Our Protestant neighbours also have a proud history of progressive and radical thinking. The founders of Irish republicanism where mainly Protestant. They were for the emancipation of their Catholic neighbours and for equality.

    This is a history which should be reclaimed by the people of the Shankill and Sandy Row, by the Protestants of Co Down and Antrim.

    Republicans are democrats and the new republic we seek is pluralist. An Ireland of equals in which there is space for all opinions and identities.

    Sinn Féin is for a new dispensation in which a citizen can be Irish and unionist. Where one can also claim Britishness and be comfortable on this island.

    Our vision of a new Republic is one in which, in Tone’s words, Orange and Green unite in a cordial union.

    The Ard Comhairle decision reflects a confident, dynamic, forward-looking Sinn Féin demonstrating our genuine desire to embrace our unionist neighbours.

    It reflects the equality and parity of esteem arrangements that are now in place. It will also create new platforms and open up a new phase in our relationships. It will be another important and necessary step on our collective journey.

    James Craig, the first unionist Prime Minister of the North recognised this when he said: “In this island we cannot live always separated from one another. We are too small to be apart or for the border to be there for all time. The change will not come in my time but it will come.”

    It is clear that legacy issues have to be dealt with and Sinn Féin will continue to engage in that work.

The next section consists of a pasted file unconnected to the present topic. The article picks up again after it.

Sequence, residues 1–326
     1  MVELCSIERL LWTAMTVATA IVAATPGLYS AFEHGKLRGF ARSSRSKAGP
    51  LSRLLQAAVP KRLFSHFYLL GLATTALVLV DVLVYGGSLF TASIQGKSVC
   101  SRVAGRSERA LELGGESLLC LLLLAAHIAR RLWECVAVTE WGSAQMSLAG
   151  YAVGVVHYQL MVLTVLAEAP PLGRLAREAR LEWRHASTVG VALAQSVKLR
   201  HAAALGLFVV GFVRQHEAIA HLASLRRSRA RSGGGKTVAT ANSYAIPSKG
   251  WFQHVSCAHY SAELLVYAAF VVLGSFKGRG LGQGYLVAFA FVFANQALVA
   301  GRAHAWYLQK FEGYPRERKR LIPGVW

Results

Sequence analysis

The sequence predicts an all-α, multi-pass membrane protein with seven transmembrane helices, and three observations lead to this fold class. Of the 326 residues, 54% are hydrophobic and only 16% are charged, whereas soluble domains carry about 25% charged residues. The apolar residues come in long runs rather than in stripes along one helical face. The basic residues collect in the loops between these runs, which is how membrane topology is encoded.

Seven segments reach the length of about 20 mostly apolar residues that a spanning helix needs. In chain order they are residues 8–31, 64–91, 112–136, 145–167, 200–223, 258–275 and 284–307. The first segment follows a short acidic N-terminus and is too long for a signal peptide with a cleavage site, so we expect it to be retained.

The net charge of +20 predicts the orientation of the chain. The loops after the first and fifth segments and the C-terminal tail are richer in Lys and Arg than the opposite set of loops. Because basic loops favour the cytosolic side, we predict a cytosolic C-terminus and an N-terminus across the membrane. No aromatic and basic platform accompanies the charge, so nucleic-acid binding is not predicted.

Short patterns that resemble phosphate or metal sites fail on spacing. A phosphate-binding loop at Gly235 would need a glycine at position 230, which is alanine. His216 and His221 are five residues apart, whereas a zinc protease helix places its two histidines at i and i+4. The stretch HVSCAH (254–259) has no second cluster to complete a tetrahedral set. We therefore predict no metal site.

By our actions Irish republicans will be judged, as well as our beliefs. We have to change Irish society now, North and South, to accommodate the unionist population and their cultural identity. The meeting between Martin McGuinness and the Queen of England will assist in that process.

    If the peace process has taught us anything, it is that the process cannot remain static. It must continue to expand and we must constantly build on the progress that has been made.

    This has required new thinking, generosity, and a determination to create space in which former enemies can find an accommodation in the common good. Friday’s Ard Comhairle decision reaffirms that Irish republicans continue to lead in this respect.

  • CNNQueen makes history with ex-IRA leader handshake: Adams said last week that Irish republicans have often been prepared to take bold initiatives in pursuit of peace.In his remarks Wednesday, he said: “Ireland is changing; it’s changing because of the peace process, it’s changing because of all the revelations of sleaze and scandals and corruption in this state, and it’s changing because of the economic crisis.”So people know we deserve a better society and republicans, like everyone else who thinks about the future and thinks about Ireland, want to be part of shaping that out, and the unionists are a very essential part of that equation.”